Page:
The creative act of cultivating 'states of being' is arguably one of the most powerful skills to learn. States of peace, strength, relaxation, intention, trust, connection.
I keep coming back to a basic principle: that life is experience, and all experience happens in the present moment, and within that moment, experience can be shifted, through types of attention, movement and sensory conditioning. In this way can these states of being be accessed and reliable.
How then to align the 'human self', the social self, the cultural self, and this 'magical self', an enchanted experiencer, tuned by practice.
Direct experience, and the attendance to it, repeatedly shows itself to be effective in this...
But humans, marvelous as we are, need a good story. We need a good reason to turn and face the heavy and un-loved parts of ourselves. It is hard to admit discomfort, and anxiety, shame and grief. Our cultural context is very quick with its story about these things. The are the markings of failure, if you believe that spiel.
In fact, its a widely spread story that our direct experience isn't valuable at all, but rather we should be putting our attention elsewhere: on acquisition, materialism, accounting, justice, being smart and attractive, being 'in the know'. Feeling and sense are suspect and so sincerity is desperately rare.
As lots of people do, I'll continue offering a different story: that by and large, our sensory information is and should be our first point of call for practice and living: an embodied life.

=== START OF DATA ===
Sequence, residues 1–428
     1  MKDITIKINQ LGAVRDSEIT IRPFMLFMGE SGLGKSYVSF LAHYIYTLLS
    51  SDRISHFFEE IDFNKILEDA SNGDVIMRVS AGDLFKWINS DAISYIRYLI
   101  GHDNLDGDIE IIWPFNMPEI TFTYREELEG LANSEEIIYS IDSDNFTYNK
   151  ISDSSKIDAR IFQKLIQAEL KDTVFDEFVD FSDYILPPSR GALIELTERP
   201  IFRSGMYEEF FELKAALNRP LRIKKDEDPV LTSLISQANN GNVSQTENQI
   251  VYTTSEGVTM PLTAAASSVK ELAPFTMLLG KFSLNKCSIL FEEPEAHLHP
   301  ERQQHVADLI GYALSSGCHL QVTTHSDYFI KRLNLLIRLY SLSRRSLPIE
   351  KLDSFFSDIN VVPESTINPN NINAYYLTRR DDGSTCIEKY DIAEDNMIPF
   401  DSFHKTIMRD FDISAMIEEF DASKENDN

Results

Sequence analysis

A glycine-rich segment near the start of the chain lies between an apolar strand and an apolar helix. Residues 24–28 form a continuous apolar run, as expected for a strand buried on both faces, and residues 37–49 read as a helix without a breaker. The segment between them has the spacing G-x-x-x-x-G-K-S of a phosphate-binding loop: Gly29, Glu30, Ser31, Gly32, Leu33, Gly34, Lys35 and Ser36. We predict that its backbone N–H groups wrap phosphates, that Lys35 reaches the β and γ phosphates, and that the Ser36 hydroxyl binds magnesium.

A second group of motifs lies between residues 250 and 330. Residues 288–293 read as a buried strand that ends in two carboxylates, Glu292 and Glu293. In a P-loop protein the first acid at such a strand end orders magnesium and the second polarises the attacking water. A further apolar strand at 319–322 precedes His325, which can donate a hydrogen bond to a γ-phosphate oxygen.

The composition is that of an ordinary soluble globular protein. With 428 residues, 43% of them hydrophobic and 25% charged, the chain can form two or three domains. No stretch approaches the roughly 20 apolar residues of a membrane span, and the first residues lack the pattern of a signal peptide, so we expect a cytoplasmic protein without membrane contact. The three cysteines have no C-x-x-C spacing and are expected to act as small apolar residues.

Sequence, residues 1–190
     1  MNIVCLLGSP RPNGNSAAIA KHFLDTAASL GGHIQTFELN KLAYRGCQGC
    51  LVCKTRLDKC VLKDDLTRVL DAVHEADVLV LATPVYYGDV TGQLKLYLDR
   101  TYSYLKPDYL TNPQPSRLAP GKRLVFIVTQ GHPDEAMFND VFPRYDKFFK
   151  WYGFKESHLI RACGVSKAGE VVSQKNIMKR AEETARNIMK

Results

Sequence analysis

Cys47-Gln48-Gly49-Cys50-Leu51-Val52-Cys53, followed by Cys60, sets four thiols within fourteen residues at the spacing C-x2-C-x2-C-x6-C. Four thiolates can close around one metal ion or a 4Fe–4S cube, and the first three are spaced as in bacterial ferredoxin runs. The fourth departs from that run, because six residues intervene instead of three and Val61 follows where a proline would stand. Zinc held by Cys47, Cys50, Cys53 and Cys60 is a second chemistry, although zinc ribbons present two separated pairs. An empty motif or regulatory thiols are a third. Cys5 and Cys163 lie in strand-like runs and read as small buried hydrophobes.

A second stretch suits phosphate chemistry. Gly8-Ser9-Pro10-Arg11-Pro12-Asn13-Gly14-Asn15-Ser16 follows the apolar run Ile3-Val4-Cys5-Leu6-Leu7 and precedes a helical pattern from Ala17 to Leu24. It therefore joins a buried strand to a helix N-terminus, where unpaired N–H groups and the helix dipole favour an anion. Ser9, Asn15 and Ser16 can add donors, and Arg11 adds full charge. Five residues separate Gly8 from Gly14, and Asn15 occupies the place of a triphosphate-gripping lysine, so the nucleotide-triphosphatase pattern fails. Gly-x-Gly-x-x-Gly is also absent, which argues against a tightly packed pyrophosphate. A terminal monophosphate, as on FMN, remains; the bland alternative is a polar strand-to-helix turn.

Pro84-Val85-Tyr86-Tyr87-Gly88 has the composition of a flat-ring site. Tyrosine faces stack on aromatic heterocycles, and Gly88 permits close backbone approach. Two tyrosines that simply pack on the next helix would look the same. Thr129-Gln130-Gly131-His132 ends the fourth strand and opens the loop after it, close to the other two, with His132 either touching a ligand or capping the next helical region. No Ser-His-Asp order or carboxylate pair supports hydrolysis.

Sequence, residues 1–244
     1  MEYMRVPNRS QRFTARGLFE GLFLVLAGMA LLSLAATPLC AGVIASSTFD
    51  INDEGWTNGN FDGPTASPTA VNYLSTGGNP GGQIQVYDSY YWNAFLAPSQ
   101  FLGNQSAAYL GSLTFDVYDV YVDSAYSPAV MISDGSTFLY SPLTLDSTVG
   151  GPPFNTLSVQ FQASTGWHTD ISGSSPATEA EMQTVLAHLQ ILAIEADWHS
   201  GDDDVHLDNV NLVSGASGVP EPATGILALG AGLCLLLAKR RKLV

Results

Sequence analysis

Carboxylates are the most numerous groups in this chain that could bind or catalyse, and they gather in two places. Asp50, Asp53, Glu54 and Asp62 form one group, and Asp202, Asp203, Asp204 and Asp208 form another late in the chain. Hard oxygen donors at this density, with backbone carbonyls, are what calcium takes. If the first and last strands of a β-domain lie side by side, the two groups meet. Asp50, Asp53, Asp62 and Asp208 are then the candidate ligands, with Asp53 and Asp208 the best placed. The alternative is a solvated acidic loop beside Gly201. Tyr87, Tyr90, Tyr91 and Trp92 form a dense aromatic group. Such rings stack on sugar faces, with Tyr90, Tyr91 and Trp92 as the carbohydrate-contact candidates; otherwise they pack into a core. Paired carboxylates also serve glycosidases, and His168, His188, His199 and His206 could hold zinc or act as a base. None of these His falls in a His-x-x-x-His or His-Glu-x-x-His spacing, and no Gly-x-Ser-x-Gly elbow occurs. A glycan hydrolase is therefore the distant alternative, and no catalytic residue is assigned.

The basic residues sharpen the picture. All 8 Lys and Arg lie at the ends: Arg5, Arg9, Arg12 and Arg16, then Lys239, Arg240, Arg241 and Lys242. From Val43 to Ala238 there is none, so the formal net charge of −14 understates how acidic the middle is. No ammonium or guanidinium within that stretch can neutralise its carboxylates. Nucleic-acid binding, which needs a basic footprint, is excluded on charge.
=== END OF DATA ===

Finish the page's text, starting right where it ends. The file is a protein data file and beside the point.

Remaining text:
That through feeling the small and hidden sense of things, the softest breath, and rustle of leaves, we can connect more deeply to life. That by moving slowly, we make more time, and that by relaxing we are better able to work. We can see miracles in each color and enjoy the marvel of water. We can dance with gravity and sense into the depth and richness of each movement.
It is not easy though, sometimes it can be like looking for a needle in a hay-stack. The mind says many things in these moments. "Yeah yeah I know that and these other things", or maybe "Oh shit, I can't sit still, that is actually terrifying". "That guy does it better", "She is more in tune with the cosmic goddess than me". Indeed: "How does this pay the bills".
And so on and on does the mind tell us what it thinks it knows about what we experience. Reflex story, I think, is the great obstacle to deepening embodiment.
What does the story show, and what does it hide? This can be a good question, the tough question, when we can all get very attached to our stories. We can forget that we are not only the story, that we are a great many things, adaptable, resilient, ancient.
The solution is patience, compassion and the ability to not take our thoughts so seriously. To be able to calmly say: "noted" to the screaming thoughts, but keep the feet planted and the attention focused on the direct experience, the direct perception.
To trust our experience, to risk finding something we didn't know was there, to risk being moved.
Perhaps this is the most difficult and rewarding thing.